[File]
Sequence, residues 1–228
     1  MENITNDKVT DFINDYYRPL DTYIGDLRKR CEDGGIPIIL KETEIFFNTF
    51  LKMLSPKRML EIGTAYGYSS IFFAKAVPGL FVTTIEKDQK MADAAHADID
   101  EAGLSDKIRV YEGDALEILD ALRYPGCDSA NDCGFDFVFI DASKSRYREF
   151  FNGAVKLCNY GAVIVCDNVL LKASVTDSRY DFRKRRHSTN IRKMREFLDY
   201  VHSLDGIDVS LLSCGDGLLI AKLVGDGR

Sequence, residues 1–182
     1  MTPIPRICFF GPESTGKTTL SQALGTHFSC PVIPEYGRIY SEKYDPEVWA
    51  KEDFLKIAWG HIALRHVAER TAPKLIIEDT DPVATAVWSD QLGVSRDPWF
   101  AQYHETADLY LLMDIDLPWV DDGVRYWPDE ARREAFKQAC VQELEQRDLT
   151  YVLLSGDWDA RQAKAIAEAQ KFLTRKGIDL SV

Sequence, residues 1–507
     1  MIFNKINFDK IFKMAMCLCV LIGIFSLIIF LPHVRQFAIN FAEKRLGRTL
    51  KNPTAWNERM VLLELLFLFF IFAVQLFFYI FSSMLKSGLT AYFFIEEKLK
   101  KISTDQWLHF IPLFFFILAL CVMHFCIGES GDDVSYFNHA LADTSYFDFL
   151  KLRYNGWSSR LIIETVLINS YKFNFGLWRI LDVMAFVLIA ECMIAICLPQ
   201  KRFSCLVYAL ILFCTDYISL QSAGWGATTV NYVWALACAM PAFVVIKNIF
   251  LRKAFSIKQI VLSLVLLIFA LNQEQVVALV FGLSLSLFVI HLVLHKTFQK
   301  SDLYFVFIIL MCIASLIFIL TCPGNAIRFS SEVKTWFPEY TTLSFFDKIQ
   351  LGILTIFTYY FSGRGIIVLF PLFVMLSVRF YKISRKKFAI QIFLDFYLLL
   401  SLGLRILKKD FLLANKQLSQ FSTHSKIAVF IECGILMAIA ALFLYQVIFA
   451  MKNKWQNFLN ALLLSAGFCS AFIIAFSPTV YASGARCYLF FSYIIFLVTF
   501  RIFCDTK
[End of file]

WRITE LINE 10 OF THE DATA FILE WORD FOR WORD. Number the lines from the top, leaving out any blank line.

   101  AQYHETADLY LLMDIDLPWV DDGVRYWPDE ARREAFKQAC VQELEQRDLT